What's behind Will Ferrell's comeback? (And is it one?)
There's been a lot of talk in Hollywood circles on Monday about Will Ferrell suddenly proving supple at the box office with a $35-million opening -- and likely $100-million domestic total -- for "The Other Guys."
Theories abound about Ferrell's success with the movie (which began life as "The B Team" and changed names to avoid confusion with "The A-Team"). After all, the actor had had his share of duds over the last few years with the likes of "Land of the Lost" and "Semi-Pro."
Ferrell hasn't changed his own brand of comedy that much between the hits and the failures, cultivating in most of these films a distinct dopily over-the-top persona with more success than he rightly deserves. So explanations have gone elsewhere. "The Other Guys," the experts say, is the kind of material Ferrell excels at (a more recognizable genre like a cop comedy). It had a well-crafted marketing campaign. It pairs Ferrell with sure-handed director Adam McKay. And the movie benefited from either smart or lucky timing (a comedy released late in a summer that's largely been devoid of them).
There's truth in all of these explanations. But maybe most salient is that in this hit, and nearly every other of his over the last four years, Ferrell had a charismatic and top-name co-star. He has one in "The Other Guys" (Mark Wahlberg), just as he did in "Step Brothers" (John C. Reilly), "Blades of Glory" (Jon Heder) and "Talladega Nights" (Sacha Baron Cohen, though with a little less screen time than the others). In his failures? Not so much.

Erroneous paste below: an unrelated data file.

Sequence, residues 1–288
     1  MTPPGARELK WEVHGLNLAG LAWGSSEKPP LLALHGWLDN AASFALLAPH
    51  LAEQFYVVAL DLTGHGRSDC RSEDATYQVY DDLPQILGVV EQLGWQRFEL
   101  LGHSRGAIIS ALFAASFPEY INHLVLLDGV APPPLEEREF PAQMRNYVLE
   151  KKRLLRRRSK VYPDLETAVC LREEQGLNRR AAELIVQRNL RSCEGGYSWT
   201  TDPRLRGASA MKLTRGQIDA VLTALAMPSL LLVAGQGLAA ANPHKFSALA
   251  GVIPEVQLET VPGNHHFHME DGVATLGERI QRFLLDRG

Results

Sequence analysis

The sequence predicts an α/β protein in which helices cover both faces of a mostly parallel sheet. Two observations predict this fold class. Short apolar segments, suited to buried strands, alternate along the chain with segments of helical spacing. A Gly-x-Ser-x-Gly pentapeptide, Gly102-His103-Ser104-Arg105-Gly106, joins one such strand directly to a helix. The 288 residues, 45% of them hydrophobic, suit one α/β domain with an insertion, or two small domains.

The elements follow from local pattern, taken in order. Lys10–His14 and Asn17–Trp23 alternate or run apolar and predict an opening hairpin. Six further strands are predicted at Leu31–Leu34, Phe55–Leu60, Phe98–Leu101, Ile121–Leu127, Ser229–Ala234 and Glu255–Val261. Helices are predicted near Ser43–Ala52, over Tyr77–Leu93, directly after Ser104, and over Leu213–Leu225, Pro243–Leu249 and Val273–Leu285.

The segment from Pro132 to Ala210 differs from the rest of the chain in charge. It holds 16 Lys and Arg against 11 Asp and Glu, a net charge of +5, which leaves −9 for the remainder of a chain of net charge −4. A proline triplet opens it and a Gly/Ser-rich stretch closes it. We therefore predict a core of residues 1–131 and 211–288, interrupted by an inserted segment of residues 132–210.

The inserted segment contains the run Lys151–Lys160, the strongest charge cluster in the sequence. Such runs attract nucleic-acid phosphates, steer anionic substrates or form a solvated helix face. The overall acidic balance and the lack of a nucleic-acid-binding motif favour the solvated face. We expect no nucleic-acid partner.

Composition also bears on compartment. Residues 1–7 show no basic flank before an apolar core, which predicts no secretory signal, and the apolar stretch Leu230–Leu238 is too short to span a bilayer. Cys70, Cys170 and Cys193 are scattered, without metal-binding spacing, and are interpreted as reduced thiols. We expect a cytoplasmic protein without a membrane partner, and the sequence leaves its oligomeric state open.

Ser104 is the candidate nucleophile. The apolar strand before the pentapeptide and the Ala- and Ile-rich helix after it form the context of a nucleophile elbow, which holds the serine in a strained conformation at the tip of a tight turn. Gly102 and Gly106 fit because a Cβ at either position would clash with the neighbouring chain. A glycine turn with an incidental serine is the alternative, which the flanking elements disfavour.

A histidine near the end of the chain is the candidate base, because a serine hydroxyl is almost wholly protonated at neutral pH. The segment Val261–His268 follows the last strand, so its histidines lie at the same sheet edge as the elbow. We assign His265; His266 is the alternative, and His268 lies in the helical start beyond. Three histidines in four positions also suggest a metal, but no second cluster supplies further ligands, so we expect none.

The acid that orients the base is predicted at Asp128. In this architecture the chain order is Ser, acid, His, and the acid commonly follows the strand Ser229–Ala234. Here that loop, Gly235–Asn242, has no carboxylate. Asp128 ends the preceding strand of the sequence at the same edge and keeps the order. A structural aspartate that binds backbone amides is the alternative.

The big-name co-star gives any film a marketing edge, since it means double the promotional power and, for audiences, twice the reason to see the film. But there may be a more substantive explanation as to why this works for Ferrell movies. The actor seems to do his best work, or at least the work we like most, when he's playing off someone. All four of his recent hits are a type of odd-couple comedy, while all three of his recent failures are not. In the last half-decade, this, it seems, is how we prefer to see Ferrell -- as a foil. We'd rather the actor share the screen than dominate it.
Looking back at Ferrell's recent trajectory, something else jumps out. Since "Talladega Nights became a mega-hit four summers ago, the actor has had a number of failures and a number of successes. But he hasn't had any of them consecutively. His movies have essentially alternated at the box office: "Talladega" was a $148-million barnstormer, then "Stranger Than Fiction" made a modest $40 million. He came back with a tidy $118 million for "Blades of "Glory," then sank with the $33 million of "Semi-Pro." "Step Brothers" ushered in a comeback with a $100-million gross ... and then "Land of the Lost" put him in Nowheresville again. Now he's back with "The Other Guys."
Statisticians may call this an anomaly. When stars practice a one-for-us-and-one-for-them approach, after all, alternating results make sense. But outside of "Fiction," all of these movies are studio comedies.
Yet in light of what appears to be our preferred way for watching Ferrell -- in a certain dosage, with another star on screen to absorb some of the oxygen -- the every-other-year pattern makes a lot of sense. We still like seeing the actor. Just not all the time.
-- Steven Zeitchik
Photo: Mark Wahlberg and Will Ferrell in "The Other Guys." Credit: Sony Pictures
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